When we mention the word “heritage”, many of us would relate it to the past; we think of inherited traditions and items that are passed down from generation to generation.
Cuisine is an undeniable part of heritage, given that recipes are passed down generations and tweaked to suit each family’s preferences. As a result, the recipe of a particular dish differs from family to family. One example of such a dish would be the Cantonese Lap Mei Fan (cured meat rice), which consists of a variety of preserved meats and rice. Beyond being a mouth-watering meaty dish that many have grown to love, here are 7 interesting facts about Lap Mei Fan that all millennials should know:
#1 There are 4 types of meat commonly used for Lap Mei Fan
Although there are different kinds of cured meat available in the market and speciality stores, the 4 types of meat we often find in our Lap Mei Fan are Lap Yuk, Lap Cheong, Yun Cheong and Lap Ngap Pei.
Lap Yuk is preserved pork belly that is marinated then air-dried, while the usual favourite — Lap Cheong, is a red sausage that is made from marinated smoked pork and pork. Yun Cheong is the darker sausage that is made from duck and pork liver, and Lap Ngap Pei, which is Chinese preserved duck leg that has been marinated in rice wine and then air-dried to enhance the concentration of its taste.
The combination of these four types of meat helps to enhance the taste of the rice and other ingredients, making the dish a delightful balance between sweet and savoury.
#2 This dish was introduced even before refrigerators were invented
Yes, you’ve read that right — the cold and dry winter season meant that it was possible to preserve meat without having them turn bad!
There are a variety of ways to preserve meat; most meats then were preserved using salt, where some meats such as the Lap Yuk (pork belly) — a popular choice for Lap Mei Fan — would be salted and dried. Other methods of preservation include smoking the meat, which is how Lap Cheong (red Chinese sausages) is preserved.
The harmony of these different cured meats eventually formed the basis of the Cantonese Lap Mei Fan that we know and love today.
#3 It’s a dish that was reserved for special occasions
While Lap Mei Fan can easily be ordered in restaurants at an affordable price now, this was not the case in the past.
Dining in restaurants was reserved only for special occasions in the 1950s and 1960s as many families could not afford it.
When they did gather at restaurants during festivities such as Chinese New Year, Lap Mei Fan was a must-have dish as it featured meats which were cured and preserved over the cold winter.
This is also how the Lap Mei Fan also became a symbolic Chinese New Year dish for the Cantonese.
#4 An age-old virtue is needed when cooking Lap Mei Fan
Lap Mei Fan may be a simple dish to whip up, but it actually requires the age-old virtue of patience in order for it to taste delicious.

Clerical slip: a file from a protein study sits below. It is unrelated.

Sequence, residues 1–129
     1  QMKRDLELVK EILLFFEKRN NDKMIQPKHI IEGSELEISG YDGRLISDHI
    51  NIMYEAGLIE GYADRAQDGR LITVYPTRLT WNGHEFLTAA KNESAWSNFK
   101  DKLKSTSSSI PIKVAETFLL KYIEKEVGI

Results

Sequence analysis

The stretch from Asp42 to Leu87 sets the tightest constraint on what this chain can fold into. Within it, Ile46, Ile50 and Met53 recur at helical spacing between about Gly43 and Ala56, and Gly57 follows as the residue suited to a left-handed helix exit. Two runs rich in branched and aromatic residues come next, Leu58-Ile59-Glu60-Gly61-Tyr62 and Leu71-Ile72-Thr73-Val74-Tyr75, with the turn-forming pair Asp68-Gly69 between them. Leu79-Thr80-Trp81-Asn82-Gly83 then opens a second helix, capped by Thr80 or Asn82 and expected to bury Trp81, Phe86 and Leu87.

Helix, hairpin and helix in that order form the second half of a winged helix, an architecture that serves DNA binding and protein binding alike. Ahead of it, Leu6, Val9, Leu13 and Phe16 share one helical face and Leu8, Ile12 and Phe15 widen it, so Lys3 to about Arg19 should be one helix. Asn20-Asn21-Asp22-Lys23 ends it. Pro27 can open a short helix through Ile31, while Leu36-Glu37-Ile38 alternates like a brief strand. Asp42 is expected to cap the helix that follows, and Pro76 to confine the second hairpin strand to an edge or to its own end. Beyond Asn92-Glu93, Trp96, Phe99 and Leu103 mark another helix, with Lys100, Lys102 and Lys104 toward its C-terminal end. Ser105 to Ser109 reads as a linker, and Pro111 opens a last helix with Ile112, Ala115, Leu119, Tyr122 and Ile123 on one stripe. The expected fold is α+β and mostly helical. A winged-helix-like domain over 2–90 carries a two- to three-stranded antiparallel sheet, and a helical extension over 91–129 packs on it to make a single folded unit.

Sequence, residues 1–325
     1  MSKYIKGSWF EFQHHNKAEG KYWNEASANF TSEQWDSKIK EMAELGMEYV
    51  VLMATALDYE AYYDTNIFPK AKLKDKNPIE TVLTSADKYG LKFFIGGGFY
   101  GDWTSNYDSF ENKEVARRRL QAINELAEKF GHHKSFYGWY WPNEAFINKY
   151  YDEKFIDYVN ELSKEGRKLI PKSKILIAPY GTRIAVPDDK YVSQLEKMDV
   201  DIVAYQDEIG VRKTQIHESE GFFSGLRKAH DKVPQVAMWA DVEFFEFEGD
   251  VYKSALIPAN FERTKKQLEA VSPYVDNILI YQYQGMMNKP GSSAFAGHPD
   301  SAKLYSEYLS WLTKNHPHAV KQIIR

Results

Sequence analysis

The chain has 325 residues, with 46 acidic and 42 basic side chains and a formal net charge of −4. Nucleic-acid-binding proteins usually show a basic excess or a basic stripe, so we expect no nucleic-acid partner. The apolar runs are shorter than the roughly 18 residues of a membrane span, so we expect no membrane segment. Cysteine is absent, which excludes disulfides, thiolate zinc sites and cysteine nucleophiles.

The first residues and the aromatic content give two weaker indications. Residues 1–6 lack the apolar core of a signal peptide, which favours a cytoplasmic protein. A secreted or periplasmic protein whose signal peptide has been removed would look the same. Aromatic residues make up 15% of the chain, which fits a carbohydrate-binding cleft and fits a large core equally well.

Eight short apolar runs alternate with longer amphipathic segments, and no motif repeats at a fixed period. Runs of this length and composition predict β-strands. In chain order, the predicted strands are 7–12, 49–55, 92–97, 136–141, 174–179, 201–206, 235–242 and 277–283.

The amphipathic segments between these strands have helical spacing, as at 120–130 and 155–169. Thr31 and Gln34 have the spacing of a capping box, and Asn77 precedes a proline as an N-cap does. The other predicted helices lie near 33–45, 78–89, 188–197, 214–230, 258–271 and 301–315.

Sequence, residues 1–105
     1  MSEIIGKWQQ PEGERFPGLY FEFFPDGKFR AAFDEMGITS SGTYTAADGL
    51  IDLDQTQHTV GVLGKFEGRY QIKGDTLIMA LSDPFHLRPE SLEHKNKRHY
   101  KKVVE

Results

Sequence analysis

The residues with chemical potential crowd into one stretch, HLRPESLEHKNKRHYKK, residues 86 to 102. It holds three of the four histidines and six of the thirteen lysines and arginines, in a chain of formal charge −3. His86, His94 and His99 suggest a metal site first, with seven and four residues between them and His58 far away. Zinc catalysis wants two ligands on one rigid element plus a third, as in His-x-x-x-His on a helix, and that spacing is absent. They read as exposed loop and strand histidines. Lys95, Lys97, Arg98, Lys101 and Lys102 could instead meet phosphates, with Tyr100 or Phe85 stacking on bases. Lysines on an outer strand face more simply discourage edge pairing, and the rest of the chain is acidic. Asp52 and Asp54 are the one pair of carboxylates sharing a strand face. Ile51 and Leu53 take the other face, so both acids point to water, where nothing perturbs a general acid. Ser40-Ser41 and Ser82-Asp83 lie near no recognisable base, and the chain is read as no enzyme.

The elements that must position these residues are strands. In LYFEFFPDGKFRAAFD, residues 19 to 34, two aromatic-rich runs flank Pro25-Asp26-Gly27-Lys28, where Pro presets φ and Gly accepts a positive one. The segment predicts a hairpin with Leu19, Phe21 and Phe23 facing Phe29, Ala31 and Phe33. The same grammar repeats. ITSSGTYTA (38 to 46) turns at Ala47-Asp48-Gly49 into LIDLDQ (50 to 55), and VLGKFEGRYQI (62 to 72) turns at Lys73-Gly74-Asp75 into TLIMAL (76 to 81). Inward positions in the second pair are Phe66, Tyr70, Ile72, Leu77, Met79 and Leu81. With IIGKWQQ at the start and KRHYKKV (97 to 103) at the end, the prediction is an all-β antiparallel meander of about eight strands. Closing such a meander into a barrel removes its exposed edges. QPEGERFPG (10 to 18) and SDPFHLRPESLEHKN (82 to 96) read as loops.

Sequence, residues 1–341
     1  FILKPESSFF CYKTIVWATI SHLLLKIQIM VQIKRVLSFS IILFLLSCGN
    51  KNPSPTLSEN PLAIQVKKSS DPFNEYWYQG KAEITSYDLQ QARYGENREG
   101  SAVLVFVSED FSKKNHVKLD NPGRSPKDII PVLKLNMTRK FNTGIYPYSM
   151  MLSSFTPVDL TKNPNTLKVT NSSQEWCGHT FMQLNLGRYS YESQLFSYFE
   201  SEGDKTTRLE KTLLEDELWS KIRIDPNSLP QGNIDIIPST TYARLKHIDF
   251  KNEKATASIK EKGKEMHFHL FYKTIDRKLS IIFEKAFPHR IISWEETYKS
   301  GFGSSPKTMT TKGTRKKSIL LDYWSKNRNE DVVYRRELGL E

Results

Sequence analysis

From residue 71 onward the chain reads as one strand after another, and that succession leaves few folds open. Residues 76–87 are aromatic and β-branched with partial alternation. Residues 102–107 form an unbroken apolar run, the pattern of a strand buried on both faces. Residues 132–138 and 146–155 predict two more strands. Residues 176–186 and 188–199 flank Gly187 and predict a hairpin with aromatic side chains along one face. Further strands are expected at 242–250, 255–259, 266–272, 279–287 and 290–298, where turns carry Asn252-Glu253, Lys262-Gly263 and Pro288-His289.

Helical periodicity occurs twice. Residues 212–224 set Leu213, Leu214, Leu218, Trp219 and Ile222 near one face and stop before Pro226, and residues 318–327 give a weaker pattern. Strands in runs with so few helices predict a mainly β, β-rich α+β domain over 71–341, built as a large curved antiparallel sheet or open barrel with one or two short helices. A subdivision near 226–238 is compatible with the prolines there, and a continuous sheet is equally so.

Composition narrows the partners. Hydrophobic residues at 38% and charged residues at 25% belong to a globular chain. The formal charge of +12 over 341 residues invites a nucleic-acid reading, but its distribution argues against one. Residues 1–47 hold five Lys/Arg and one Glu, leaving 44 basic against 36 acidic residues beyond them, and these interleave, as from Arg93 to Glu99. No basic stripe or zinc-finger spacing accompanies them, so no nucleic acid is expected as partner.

If you open the pot before it’s cooked, the flavours may not be able to fully develop and infuse into each other in the pot.
In order to have the best taste of the Lap Mei Fan that we fondly know and remember, make sure to wait until it’s fully cooked!
#5 Lap Mei Fan teases the 4 senses
It’s more than just the taste of Lap Mei Fan that makes the dish so appetizing.
From the colourful display of the different cured meats, vegetable, rice and dark soy sauce, to the delightful aroma and the crackling of burnt rice that we all love, Lap Mei Fan is a tantalizing treat to our senses.
#6 It brings back memories for many
The power of food to connect people is like no other — people feel closer when they share a love for the same type of scrumptious food, and through conversations that take place over meals. Food becomes an important part of our relationships and precious memories.
Lap Mei Fan, both a staple Chinese New Year dish and commonly served at get-togethers, is a clear example of this. To many older folks, their fond memories of the past consist of the moist and delicious taste of the Lap Mei Fan rice, along with conversations and laughter shared over the meal.
On occasions where you find yourself without any ideas for your meals, why not try making Lap Mei Fan?
It is a simple yet nostalgic dish that would be a great activity for all members of your family to try together, and you may even learn a new thing or two about your parents’ younger days.
#7 Each family’s Lap Mei Fan recipe is probably different
Given that Lap Mei Fan is a heritage cuisine that is easily customisable, each family’s recipe for Lap Mei Fan will be different, as it has gradually adapted to suit each family’s tastebuds.
Some families add more meats to the dish, such as Lap Ngap Hoong (Chinese preserved duck breast) and Ngo Yun Cheong (Chinese preserved goose liver sausage) while others add other condiments, seasoning or ingredients to suit their preferences.
Regardless of the differences in recipes, it’s agreeable that Lap Mei Fan tastes the best when eaten while it’s still hot!
Launching soon – At-Sunrice’s Heritage Gourmet delivery & takeout meals
If you’re thinking of enjoying Lap Mei Fan at home together with your loved ones, At-Sunrice GlobalChef Academy will be launching a brand-new Heritage Gourmet delivery & takeout meal service in about 2-4 weeks.
Indulge in the wonderful flavours of Lap Mei Fan and take a walk down memory lane with your loved ones. Who knows, you might get to know them better through their preferences during the meal!
Pre-orders for At-Sunrice GlobalChef Academy’s Heritage Gourmet delivery & takeout meals will be opening soon so watch this space for more information!